A Japanese-exclusive Phantasy Star title, released exclusively for Sega's Game Gear. But were western gamers missing out on a hidden gem, or is this one spinoff game that should just be left in obscurity?
Anyone with a serious interest in JRPGs at least knows about Sega's Phantasy Star franchise. It proved to be a hit on the Master System and had three Sega Genesis sequels which brought a lot of innovations to the table and had a highly imaginative setting with some dark themes, giving some unique flair to what was at the time a pretty niche genre.
In the four-year gap between Phantasy Stars 3 and 4, however, Japan got a slew of unique additions to the series that most westerners were unaware of until many years later. There was Phantasy Star Adventure, a point-and-click adventure title with some light RPG elements which told a side-story occurring at roughly the same time as Phantasy Star II. There were also the Phantasy Star II Text Adventures, a series of eight games in the same vein that gave slightly more back-story to the eight playable characters of Phantasy Star II and expanded that game's setting. Finally, there was Phantasy Star Gaiden, an off-shoot of the first game (though it's not evident at the start) taking place aboard the space colony of Copto and following the adventures of two new characters - Alec and Mina - as they try to prevent the return of the evil being Cablon.
That's all good, but the game is hampered right out of the gate by some dated design decisions. First, the game is easily the most grind-heavy of any of the Phantasy Star titles, requiring the player to spend significant amounts of time fighting enemies in order to gather enough gold to upgrade equipment. While this was relatively standard (and even excusable) in RPGs of the 1980s, it was beginning to be phased out by the time the '90s rolled around, as technology was beginning to allow for lengthier games without having to rely on artificial ways to lengthen the experience. Even the Final Fantasy Legend (SaGa) games on the Game Boy downplayed grinding in favor of randomized stat and character growth, so to see it in a 1992 game is a bit disappointing.
The game also suffers from uneven difficulty on the whole, with some later dungeons actually having lower-level enemies than the ones that came before them. This left me frustrated on more than one occasion, as I had to spend a substantial amount of time grinding to survive one area, only to enter the next and be confronted by much weaker enemies than I'd defeated previously, which strikes me as lazy/bad design in general. Game balance in the game overall leaves something to be desired, particularly in the later dungeons, where the length of the dungeon and the overall difficulty of the enemies is engineered to deplete the player's resources and leave them unable to defeat the boss, no matter how much they level up beforehand. It got to the point where I just took to filling up my inventory with battle-escaping items and using them every time I got into a fight so that I could conserve my resources for the bosses.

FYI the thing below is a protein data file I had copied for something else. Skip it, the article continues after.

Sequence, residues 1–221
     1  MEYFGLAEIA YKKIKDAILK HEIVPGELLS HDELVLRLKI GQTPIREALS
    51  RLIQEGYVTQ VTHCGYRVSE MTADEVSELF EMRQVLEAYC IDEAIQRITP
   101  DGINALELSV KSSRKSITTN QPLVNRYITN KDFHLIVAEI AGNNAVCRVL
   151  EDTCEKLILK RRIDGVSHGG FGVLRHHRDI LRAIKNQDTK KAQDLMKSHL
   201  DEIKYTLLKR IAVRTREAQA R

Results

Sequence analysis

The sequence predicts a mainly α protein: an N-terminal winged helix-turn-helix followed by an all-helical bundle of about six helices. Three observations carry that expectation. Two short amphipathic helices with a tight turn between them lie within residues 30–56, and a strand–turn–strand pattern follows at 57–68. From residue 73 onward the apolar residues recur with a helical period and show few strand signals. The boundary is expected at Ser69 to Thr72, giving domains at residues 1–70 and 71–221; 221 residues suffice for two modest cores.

Disappointingly, the game also regresses to the original Phantasy Star game's design in many ways. The party is limited to three characters (Mina, Alec and a third character who appears as the story dictates) and enemies appear in groups of two at most. Granted, screen space on the Game Gear is limited, but at a time when Phantasy Star III had five-character parties and the Game Boy had RPGs that allowed for a four-player party and sizable enemy groups of 3-5 enemies, it makes the more powerful platform feel surprisingly limited in comparison.
In the end, Phantasy Star Gaiden fails to live up to the quality standards of its namesake, providing a very mediocre RPG experience with little to distinguish it other than its name and a few elements of its setting. It may have been a passable, if unremarkable, attempt at a portable RPG in 1992, but as technology grew and standards for the genre vastly expanded with a series of major hits in the early to mid `90s, Gaiden was destined to be forgotten. This, paired with the fact that it seems to have been retconned out of canon with Phantasy Star IV's plot being reworked over its development period, means that this is a title whose sparse scraps of value will only be seen by the most die-hard fans of the series.
Developer: Japan System Supply
Platform: Game Gear
Recommended version: N/A